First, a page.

Interview With A Legend: Todd Rundgren (Our Latest Podcast)
I had the opportunity to speak with one of music’s most influential figures, Todd Rundgren.
Todd is a true pioneer of DIY. He’s among the first to record, produce and play all the instruments on his albums.
He’s also teamed up with various bands throughout the years, including The Nazz, Utopia, The New Cars and Ringo Starr and his All Starr Band. You may know Todd from hits like “Hello It’s Me” or “I Saw The Light,” but he’s also famous for “Bang On The Drum All Day”.
Rundgren is a constantly changing artist. No two albums sound quite the same, he’s not afraid to progress. Even being on the forefront of technology is par-for-the-course with Todd!
In 1992, he had the first ever commercially available downloadable music via CompuServe. He then pioneered a subscription platform (suspiciously similar to Patreon…. yes, shade) called Patronet. It allowed fans to bypass the CD makers and industry middle-men and get content directly from Todd for a subscription fee of $40 per year.
He is also one of the most respected producers in music, having worked on albums for Badfinger, The New York Dolls, Grand Funk Railroad, The Tubes, The Band, Hall and Oates, MeatLoaf, Patti Smith, XTC and many more.
There was way too much to go over in 20 minutes, but I did my best with the time allotted. Here is what we discussed (full transcription below).
Noah Itman: Excellent. Well Todd, thank you so much for taking the time to speak with me; it’s really an honor to have you on the line.
Todd Rundgren: Oh, thank you so much.
NI: Excellent. So I wanted to talk to you just about all of the facets in your career within 20 minutes, so I’m going to try to cram a lot in there.
TR: No problem.
NI: So from The Nazz to now, you’ve reached so many different parts of music. And I feel as though the variety of albums you’ve created has been extremely diverse. So I’m curious, what has been sort of like the catalyst for change? What has allowed you to be such a shape shifter within music?
TR: Well, it’s part of what I grew up with. The Beatles were, well they were more than like a musical inspiration; they had a form factor that didn’t really exist before. I mean, there were always guys that [had] put bands together, but there was no sort of success [to] where The Beatles defined it. So that was the excuse to get into music in the first place, just find three or four other friends in the neighborhood, you form a band. And that meant that me, a guy who wasn’t too handsome, and too forward, I could be in a band. And once you became a Beatles fan, you realized that they didn’t stay still, they just kept evolving, and changing. So I thought that’s what you were supposed to do; so that’s what I did.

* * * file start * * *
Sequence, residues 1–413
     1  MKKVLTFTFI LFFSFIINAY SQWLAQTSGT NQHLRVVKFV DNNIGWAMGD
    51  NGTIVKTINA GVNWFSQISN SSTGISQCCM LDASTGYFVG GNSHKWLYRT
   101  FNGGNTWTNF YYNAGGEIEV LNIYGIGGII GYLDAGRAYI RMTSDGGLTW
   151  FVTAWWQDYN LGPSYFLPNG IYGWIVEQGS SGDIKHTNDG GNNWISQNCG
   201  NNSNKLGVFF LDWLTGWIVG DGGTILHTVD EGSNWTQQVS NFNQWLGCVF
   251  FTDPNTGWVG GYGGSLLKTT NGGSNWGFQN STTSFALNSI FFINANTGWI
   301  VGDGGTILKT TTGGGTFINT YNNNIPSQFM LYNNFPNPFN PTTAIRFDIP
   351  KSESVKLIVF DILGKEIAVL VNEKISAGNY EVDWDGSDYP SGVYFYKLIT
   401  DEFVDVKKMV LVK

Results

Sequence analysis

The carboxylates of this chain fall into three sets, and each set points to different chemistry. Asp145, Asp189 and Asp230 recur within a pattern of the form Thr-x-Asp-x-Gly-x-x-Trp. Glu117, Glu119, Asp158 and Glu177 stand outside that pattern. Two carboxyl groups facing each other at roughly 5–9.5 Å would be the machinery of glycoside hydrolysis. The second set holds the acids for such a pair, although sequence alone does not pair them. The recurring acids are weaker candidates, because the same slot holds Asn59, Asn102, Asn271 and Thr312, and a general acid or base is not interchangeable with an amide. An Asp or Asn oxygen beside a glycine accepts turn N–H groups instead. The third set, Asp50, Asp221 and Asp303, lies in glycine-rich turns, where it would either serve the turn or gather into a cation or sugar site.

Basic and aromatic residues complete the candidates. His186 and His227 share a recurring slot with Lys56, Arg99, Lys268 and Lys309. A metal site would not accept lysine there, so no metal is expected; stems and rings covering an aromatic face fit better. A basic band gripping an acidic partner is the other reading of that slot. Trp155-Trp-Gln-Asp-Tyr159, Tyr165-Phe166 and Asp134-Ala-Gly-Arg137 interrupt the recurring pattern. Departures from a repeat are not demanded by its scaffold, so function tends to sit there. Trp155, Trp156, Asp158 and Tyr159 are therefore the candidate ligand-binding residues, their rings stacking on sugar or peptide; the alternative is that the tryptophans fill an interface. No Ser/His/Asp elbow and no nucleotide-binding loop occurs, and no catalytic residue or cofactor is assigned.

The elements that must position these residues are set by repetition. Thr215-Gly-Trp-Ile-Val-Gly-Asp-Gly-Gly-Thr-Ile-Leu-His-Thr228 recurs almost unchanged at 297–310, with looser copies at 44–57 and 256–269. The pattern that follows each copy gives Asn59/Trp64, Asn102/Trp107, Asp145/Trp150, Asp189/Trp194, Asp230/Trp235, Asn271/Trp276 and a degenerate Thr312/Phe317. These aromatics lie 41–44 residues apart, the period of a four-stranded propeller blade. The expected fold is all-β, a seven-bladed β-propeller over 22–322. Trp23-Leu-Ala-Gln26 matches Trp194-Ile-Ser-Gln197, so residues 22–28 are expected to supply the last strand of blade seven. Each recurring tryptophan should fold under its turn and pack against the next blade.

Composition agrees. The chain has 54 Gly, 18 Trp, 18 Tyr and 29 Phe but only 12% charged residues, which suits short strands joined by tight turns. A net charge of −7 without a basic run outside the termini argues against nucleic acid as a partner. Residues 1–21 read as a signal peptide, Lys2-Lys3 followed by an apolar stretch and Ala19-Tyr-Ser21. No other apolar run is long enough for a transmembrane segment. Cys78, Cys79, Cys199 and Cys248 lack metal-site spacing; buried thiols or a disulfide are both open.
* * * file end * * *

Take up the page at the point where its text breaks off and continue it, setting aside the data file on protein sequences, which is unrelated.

NI: Well, I think it turned out to be a fantastic path. And with The Beatles in mind, the first time that I actually got to see you was at a Beatles tribute in Minnesota where I lived, you were doing a tribute with Ann Wilson, John Entwistle, and Alan Parsons. I’m wondering what that experience was like, to be able to do a cover show for a band that influenced you so greatly.
TR: Well I mean, that was a lot of fun, but more significantly I guess was playing with Ringo, and actually playing with a Beatle; as opposed to just playing Beatles material. And I guess through that, I also got — getting to know Ringo, you sort of get — you absorb a lot of history. It’s not like you sit down and grill him, but over the years, he tells you little anecdotes and stories about what The Beatles went through. So it’s as if you were a temporary Beatle, yourself.
NI: Wow, what a feeling.
TR: I know. You have to kind of — it’s something you have to sort of get over, if you’re going to play with Ringo; you can’t be in constant awe of the fact that he was in the world’s most influential band.
NI: Yeah, absolutely. I can see that being a hurdle myself. I also wanted to talk a little bit about your intersections with The Beatles via production, specifically with Badfinger Straight Up. So within that album, it’s always been a favorite of mine, particularly your versions of songs. And one always stood out to me that I was curious about, and that is with the song “Suitcase.” I find the version from your production, versus George Harrison’s production, to be so wildly different that I’m wondering if it was the same tracks that were initially used, or if it’s completely re-recorded.
TR: Some things were re-recorded. When I got there, they had — actually, they were halfway through a second version of a record. So they did a whole album withGeoff Emerick, and from what I understand, Apple America didn’t feel like there was a single on it. That’s when they went back and started working with George Harrison. But then George got distracted by the concert for Bangladesh. So he dropped out of the project, and then essentially just left it to me to tie together whatever there was from the first two recording projects. And then whatever else I did new. So when I first got there, we started recording material that had been written in the interim; that had not been available for the first two projects. And then when we got through those, went back and evaluated both the Geoff Emerick sessions, and the George Harrison sessions, and then pulled out what I thought would fit. Even the George Harrison stuff had overdubs and remixes done to make it sound less like Phil Spector, which is what George — what all of his records sounded like in those days, like five acoustic guitar players, and the drums, like in the soup, way back, and lots of reverb and stuff. So I sort of undid that, trying to find a sound that wound unify all three sets of sessions.